How to Calculate a Mortgage With Euribor

The Euribor (Euro Interbank Offered Rate) is the interest rate banks in the Eurozone -- the 16 countries that use the euro as their sole currency -- charge each other to borrow money short-term. Banks that make mortgages often use the Euribor as the "index" for their loans. A mortgage index is the base rate stated in an adjustable rate mortgage (ARM). Another rate, called a "margin," is then added to the index to calculate the interest rate at the next adjustment period. Mortgage lenders then notify homeowners of the new rate they will pay 45 to 60 days before the adjustment.

Read your mortgage note to identify the Euribor as your index and learn the date of the next possible interest rate adjustment. Most mortgages "re-price," or adjust, two months before the effective adjustment date. For example, a one-year ARM adjusts annually, but the new rate is calculated 60 days before the adjustment date so the lender can notify you of the new rate. This gives you the chance to refinance to a new mortgage if you wish.

Add the margin -- usually called a "fixed commission" in Europe -- to your index, the Euribor, at your re-pricing date. The margin, expressed as a percentage, remains fixed throughout the loan term. It is the index that often changes. The margin will be stated clearly on the mortgage note. If the 12-month Euribor is 1.50 percent two months before the adjustment date and the margin is 3 percent, the new interest rate for the next year will be 4.5 percent.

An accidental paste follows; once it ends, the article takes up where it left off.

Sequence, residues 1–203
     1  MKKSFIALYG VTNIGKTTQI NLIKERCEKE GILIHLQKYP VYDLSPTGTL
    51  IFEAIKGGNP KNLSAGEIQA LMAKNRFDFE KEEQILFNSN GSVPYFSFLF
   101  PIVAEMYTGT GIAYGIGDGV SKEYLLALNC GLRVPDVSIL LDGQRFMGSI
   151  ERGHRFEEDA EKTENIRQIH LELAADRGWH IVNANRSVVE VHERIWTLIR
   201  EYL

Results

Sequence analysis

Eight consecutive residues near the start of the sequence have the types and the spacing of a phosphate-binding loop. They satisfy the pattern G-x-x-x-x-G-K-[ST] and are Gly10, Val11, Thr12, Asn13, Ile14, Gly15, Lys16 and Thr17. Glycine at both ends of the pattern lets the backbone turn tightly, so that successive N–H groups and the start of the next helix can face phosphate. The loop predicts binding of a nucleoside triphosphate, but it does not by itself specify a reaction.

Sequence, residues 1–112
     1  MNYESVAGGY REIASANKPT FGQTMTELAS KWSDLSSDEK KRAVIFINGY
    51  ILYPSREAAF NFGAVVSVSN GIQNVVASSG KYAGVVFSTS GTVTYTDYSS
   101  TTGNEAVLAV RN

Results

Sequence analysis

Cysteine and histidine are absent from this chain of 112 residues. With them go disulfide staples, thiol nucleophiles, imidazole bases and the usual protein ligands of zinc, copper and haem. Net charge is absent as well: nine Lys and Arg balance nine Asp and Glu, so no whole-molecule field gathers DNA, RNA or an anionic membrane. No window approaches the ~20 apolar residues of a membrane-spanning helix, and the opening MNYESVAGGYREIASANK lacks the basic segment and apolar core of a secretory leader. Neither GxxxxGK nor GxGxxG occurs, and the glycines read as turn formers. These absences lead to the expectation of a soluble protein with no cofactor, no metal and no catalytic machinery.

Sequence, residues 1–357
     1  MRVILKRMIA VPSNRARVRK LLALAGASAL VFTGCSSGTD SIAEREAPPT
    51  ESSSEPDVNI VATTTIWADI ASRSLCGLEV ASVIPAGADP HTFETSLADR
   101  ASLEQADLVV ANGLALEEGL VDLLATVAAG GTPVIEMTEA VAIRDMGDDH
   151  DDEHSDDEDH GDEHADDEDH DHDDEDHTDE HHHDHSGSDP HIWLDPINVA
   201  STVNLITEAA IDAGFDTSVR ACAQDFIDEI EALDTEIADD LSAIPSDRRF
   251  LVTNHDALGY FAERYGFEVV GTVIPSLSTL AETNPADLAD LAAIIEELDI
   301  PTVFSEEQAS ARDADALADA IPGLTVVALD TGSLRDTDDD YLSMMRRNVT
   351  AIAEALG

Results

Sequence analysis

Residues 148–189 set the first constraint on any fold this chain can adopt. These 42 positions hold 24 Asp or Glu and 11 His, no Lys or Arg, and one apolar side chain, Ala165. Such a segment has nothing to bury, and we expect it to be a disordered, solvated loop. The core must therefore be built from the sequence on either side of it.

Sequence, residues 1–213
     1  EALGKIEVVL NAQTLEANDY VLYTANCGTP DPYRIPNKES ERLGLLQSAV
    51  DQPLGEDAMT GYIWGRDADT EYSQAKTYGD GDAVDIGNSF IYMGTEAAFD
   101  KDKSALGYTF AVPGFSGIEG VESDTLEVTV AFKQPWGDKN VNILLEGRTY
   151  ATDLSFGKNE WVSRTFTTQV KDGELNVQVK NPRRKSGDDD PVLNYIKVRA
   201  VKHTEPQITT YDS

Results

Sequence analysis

Compare your new prospective interest rate to any adjustment or lifetime caps offered by your mortgage. In the U.S., the most common caps -- maximum rate increases -- are 2 percent at each adjustment date and 6 percent over the term of the mortgage. Therefore, any annual rate increase that exceeds 2 percent, when compared to your last rate, will be capped at the maximum. Should the new interest rate calculate at higher than 6 percent above the rate when you first received your loan, the new rate will be capped at the lifetime maximum.


  • Negotiate the lowest margin (fixed commission) and interest rate caps possible to lower future interest rates.

    Follow the Euribor rates regularly to learn if significant increases or decreases in your rate may be coming.


  • Don't confuse the Euribor with the LIBOR (London Interbank Offered Rate), which is used for many mortgages made in the U.S. and the U.K. They are similar but different, since one is based on the Euro currency and the other is based on British pounds and U.S. dollars.